This sandwich (and the others that followed) turned my entire ride around. I called Tanya from the sub shop and we chatted cheerily. When we finished, I headed back out into the wind -- not strong, but distinctly out of the east -- and rode on alone to Kensington, the ride's turn around point. It was on that leg, 47 basically flat miles, that I enjoyed one of the high points of my entire ride, passing other Last Chancers on their way back west. Seeing them succeeding, exchanging waves and words of encouragement, I felt some of the strongest bonds of camaraderie of the whole adventure.

 Guy Oldfield manning his pie-equipped Kensington outpost.

Come Kensington, we were expected to mail a postcard confirming our passage before turning back towards Atwood. I didn't expect to find much beyond a post office and so was very pleasantly surprised to meet Guy Oldfield, a former Seattle International Randonneur and now a member of clubs local to DC, manning a table across the street from the post office. On arriving, I signed in and collected myself while he dropped my postcard in the mailbox. In addition to water, Guy had laid out a terrific spread of homemade pies from a bakery in next town over. Returning from the deli across the street with a roast beef sandwich, I passed half to Guy and we enjoyed a short meal and good conversation, a welcome break in the midst of a long day with myself. No matter how good the riding, no matter how happy you are to be alone with your thoughts, like real food, one shouldn't pass up the opportunity for some company once and a while.
Rolling out of Kensington, I saw with relief that the flags were still blowing west, offering the promise of a tail wind on the way home. Though it wasn't strong, that promise was fulfilled: despite trending generally uphill, the return trip took 1h15 less than the way out. For the most part, the ride back was uneventful - true, it was the only stretch of the entire 750 miles that I (and, it turns out, others) ran into trouble with passing trucks, but that didn't last long. Another steak sandwich in Norton, another Mountain Dew in Phillipsburg, and in the last light of day I began the final climb back up to Atwood.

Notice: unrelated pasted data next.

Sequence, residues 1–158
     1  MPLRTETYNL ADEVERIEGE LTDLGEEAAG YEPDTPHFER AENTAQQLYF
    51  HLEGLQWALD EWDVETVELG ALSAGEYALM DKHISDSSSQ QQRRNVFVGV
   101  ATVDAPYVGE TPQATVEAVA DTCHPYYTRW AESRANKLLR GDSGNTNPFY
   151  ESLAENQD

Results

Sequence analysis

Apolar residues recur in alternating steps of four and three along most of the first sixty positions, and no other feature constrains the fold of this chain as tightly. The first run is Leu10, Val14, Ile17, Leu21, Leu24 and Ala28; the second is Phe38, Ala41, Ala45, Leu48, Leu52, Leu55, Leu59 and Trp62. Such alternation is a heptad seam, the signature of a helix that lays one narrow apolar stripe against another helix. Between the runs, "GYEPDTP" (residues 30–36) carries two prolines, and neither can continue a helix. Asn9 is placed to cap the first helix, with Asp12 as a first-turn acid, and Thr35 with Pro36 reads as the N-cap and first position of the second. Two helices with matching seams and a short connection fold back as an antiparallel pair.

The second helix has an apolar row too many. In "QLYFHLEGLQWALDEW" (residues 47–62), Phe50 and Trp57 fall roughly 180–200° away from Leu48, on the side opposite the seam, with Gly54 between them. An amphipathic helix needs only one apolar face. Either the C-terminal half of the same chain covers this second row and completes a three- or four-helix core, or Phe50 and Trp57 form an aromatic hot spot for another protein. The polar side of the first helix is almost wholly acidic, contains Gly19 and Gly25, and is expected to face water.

Rising out of Phillipsburg towards Atwood and the setting sun.

Riding through the dark, you have the sense that you are going much faster than you actually are. The fields seem to fly by. On the night of Day 2, this progress was countered by one of the clearest skies I've ever seen, immobile above me as the road passed quickly away. Aside from a few farmhouse windows in the distance, there was no light to dim the shining of the stars, which stood out with crystalline brilliance against the chill night. With the Milky Way overhead, I rode quietly over the last rises of my day and down into Atwood, to dinner and to bed.

On a break in Kensington, KS.


jle said...

You are so smart, Stephen. Abandoning a nutrition plan that isn't working is the height of intelligence, and not everyone does it, especially when they're tuckered out! BTW, you were not the only one on this ride to abandon "biker" nutrition (liquids, gels) for rancher breakfasts and the like.

One of our randonneur colleagues asked about nutrition yesterday on a mountainous ride that started at 3am. The response (from Catherine Shenk) was to go for "real food."

Oh, and your prize comment has to be, "Like real food, one shouldn't pass up the opportunity for some company once and a while."

So true!


Mindy - Rims said...

Good stuff! I continue to enjoy reading these posts

Post a Comment